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Toyota China sales tumble as islands row hits Japan Inc.

BEIJING -- Toyota Motor Corp.'s China sales fell about 40 percent in September from the year before, while those of rivals such as Hyundai and BMW jumped, underscoring how badly Japanese brands have been hit by a territorial row between the two countries.

Showroom traffic and sales have plunged at Japanese carmakers since violent protests and calls for boycotts of Japanese products broke out across China in mid-September over the Japanese government's purchase of a group of disputed islands in the East China Sea from their private owner.

A prolonged sales hit of this scale could threaten profit forecasts at Toyota, Nissan Motor Co. and others as China, the world's biggest car market, makes up a bigger portion of their global sales.

Toyota sold about 50,000 cars in China in September, a senior company executive, speaking on condition of anonymity, told Reuters on Friday. That would be down from about 86,000 in September 2011 but better than the figure reported earlier by Japan's Yomiuri newspaper, which said sales halved from the 75,000 sold in August.

The dramatic fall-off in demand for Japanese vehicles has been an unexpected boon for other foreign brands, with South Korea's Hyundai Motor Co. saying on Friday its China sales climbed 15 percent to 84,188 vehicles last month.

Toyota declined to confirm the number, saying it would announce its Chinese sales for September on Tuesday.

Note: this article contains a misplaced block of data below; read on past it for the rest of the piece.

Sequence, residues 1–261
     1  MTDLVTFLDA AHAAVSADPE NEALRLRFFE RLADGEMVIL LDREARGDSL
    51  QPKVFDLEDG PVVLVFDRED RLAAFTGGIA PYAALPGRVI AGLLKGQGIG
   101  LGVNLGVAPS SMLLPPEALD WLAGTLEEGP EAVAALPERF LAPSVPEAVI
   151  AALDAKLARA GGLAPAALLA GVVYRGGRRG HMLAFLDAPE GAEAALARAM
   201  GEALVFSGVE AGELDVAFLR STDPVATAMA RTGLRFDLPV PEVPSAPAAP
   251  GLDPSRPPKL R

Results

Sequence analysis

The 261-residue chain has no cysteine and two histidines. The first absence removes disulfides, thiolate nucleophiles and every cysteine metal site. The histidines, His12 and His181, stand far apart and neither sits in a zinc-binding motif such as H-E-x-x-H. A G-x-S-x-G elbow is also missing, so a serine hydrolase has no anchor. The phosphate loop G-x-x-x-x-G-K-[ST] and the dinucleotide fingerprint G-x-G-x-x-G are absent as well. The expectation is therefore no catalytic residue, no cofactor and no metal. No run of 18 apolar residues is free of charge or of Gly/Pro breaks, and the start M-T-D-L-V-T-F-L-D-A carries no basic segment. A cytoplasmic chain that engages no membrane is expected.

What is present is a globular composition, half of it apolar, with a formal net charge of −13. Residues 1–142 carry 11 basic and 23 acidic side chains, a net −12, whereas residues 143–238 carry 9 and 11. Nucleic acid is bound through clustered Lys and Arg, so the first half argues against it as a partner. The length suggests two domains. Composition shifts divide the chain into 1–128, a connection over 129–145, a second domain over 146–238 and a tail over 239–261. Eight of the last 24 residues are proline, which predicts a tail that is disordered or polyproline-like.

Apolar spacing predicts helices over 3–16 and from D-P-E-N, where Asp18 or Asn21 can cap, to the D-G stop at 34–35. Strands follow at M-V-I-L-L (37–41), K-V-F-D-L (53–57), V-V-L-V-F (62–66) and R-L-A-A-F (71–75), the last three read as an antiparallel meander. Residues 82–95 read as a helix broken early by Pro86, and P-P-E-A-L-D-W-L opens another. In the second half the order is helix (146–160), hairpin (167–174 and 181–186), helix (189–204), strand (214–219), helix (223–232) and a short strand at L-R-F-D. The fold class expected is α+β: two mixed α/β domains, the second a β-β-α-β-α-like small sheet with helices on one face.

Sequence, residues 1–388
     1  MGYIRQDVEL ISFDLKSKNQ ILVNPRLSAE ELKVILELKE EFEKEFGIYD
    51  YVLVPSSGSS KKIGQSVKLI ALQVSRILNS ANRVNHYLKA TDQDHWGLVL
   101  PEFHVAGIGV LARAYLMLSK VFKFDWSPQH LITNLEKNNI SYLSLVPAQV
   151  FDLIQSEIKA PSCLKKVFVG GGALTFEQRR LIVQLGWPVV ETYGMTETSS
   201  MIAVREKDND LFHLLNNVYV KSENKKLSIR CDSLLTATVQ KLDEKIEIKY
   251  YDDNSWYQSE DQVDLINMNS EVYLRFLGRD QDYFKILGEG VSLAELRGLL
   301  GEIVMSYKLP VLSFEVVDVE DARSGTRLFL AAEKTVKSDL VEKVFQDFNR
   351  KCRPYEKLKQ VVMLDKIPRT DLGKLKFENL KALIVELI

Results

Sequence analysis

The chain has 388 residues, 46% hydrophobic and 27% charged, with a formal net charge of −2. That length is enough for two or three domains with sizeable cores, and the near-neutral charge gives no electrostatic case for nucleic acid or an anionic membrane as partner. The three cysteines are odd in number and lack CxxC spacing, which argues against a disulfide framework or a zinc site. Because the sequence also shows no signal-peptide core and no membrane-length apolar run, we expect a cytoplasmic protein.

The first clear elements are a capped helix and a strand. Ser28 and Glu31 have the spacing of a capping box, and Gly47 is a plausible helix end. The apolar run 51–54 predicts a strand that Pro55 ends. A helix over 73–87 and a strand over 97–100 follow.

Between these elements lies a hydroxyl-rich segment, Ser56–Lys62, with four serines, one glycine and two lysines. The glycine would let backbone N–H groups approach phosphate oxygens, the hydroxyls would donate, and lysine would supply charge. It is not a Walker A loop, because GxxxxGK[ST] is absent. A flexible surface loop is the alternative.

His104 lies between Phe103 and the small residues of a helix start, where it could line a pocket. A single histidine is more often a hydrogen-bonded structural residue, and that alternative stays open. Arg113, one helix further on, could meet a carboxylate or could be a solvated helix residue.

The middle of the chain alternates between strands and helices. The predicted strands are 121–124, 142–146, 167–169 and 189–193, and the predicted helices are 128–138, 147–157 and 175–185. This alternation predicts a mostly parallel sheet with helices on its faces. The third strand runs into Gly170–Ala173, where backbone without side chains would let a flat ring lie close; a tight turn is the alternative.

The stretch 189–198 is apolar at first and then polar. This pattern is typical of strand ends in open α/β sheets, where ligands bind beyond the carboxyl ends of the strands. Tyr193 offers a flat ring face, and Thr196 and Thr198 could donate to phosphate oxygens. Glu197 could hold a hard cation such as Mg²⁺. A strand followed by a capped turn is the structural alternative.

As demand evaporates, Toyota, Nissan, Honda Motor Co. and others have been forced to cut back production in recent weeks in a slowing, but still promising Chinese market.

A source told Reuters late last month that Toyota's production cutbacks could extend through November, a move that would almost certainly put the company's goal of selling 1 million cars in China this year out of reach.

“I would say it's almost impossible now,” the executive said, blaming the wave of anti-Japan sentiment that has swept the country.

He added, however, that sales showed signs of recovery towards the end of last month, especially over the final weekend, providing some hope for an early comeback.

Anti-Japan sentiment across China escalated last month amid a row over a group of uninhabited islets, known as the Senkaku islands in Japan and the Diaoyu islands in China, whose nearby waters are thought to hold potentially rich natural gas reserves. They have been under Japan's control since 1895.

Demonstrators vandalized properties of Japanese companies, including a Toyota outlet in the eastern city of Qingdao that was torched, in the latest flare-up in tensions that have smoldered since the end of World War II.

Japanese carmakers have been the most visible losers, although there have been signs of the tensions affecting other sectors, with All Nippon Airways Co. Ltd. (ANA) saying late last month it had seen a wave of cancellations on Japan-China routes.

Semiconductor maker Rohm Co. Ltd. forecast a decline in orders for the second half of the fiscal year ending March, citing significant weakness from automakers.

“The second half is not looking very good, it all depends on how much impact the events in China will have,” said Hidemi Takasu, managing director of R&D at Rohm, on the sidelines of the CEATEC technology trade show near Tokyo.

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